Human CD81 directly enhances Th1 and Th2 cell activation, but preferentially induces proliferation of Th2 cells upon long-term stimulation

Abstract

CD81, a cell-surface protein of the tetraspanin superfamily, has been shown to costimulate T cell activation in murine T cells, and is involved in development of Th2 immune responses in mice. Here it is shown that stimulation of CD81 on human T cells can enhance T cell activation by antigen or superantigen, causing an increase in the early activation marker CD69, and increasing the number of cytokine-producing and proliferating T cells. Interestingly, CD81 costimulates cytokine production by T cells producing both Th1 and Th2 cytokines. Although human CD81 is highly expressed on non-T as well as T cells, CD81 costimulation appears to act directly on T cells. Pre-incubation of purified T cells with anti-CD81 antibody is sufficient to increase T cell activation, while pre-incubation of non-T cells is not. However, long-term polyclonal stimulation of T cells by anti-CD3 antibody, in the presence of CD81 costimulation, biases T cells towards the production of IL-4 and not IFNγ. This is accomplished by a preferential proliferation of IL-4-producing cells. Thus, signalling through CD81 on T cells costimulates both Th1 and Th2 cells, but increases the number of Th2 cells during long-term activation.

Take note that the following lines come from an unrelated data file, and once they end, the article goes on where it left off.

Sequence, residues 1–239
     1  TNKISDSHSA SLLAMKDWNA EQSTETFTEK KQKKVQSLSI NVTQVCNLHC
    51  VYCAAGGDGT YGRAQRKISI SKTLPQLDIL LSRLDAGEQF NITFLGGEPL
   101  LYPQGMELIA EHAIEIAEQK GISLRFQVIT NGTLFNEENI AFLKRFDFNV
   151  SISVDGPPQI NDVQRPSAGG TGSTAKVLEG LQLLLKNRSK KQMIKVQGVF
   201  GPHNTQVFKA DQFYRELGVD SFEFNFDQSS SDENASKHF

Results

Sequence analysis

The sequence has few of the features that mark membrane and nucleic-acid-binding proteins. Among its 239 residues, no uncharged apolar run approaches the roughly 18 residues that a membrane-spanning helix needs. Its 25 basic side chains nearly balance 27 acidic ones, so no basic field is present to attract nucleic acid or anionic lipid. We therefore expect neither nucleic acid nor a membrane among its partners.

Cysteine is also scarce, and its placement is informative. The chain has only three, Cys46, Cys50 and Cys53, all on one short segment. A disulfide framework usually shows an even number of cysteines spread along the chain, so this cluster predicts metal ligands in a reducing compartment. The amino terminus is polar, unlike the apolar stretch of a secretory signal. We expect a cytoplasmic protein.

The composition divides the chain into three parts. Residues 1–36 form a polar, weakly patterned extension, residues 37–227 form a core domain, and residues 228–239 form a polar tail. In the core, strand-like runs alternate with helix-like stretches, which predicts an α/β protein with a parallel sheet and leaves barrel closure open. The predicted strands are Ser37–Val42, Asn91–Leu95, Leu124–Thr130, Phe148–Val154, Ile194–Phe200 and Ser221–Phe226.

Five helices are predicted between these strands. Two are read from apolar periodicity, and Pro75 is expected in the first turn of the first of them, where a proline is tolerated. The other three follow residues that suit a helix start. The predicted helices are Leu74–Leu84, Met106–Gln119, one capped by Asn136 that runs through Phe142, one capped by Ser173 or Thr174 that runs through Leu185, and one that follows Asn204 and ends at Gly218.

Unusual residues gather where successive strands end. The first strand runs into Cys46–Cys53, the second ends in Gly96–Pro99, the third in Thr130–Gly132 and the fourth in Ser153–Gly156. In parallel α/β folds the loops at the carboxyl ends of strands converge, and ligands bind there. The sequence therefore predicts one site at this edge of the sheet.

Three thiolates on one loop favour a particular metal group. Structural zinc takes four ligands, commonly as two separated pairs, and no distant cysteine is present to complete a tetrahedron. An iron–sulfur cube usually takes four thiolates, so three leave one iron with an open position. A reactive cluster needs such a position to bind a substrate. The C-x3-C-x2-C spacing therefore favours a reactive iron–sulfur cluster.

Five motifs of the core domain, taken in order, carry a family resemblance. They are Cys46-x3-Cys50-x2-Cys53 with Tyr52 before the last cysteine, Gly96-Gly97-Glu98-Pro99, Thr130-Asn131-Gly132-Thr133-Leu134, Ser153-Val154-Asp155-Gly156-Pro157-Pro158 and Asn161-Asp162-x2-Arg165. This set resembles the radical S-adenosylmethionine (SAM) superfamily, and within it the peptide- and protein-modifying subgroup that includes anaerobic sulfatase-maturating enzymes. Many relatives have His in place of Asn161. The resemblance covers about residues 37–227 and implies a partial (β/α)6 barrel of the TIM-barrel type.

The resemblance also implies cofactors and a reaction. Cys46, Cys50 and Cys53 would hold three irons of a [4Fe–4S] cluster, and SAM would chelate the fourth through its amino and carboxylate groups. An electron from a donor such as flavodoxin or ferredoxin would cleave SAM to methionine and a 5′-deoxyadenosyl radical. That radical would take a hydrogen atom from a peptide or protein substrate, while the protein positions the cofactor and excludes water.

DOI: 10.1186/1471-2172-4-1

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@article{Maecker2002HumanCD, title={Human CD81 directly enhances Th1 and Th2 cell activation, but preferentially induces proliferation of Th2 cells upon long-term stimulation}, author={Holden T. Maecker}, journal={BMC Immunology}, year={2002}, volume={4}, pages={1 - 1} }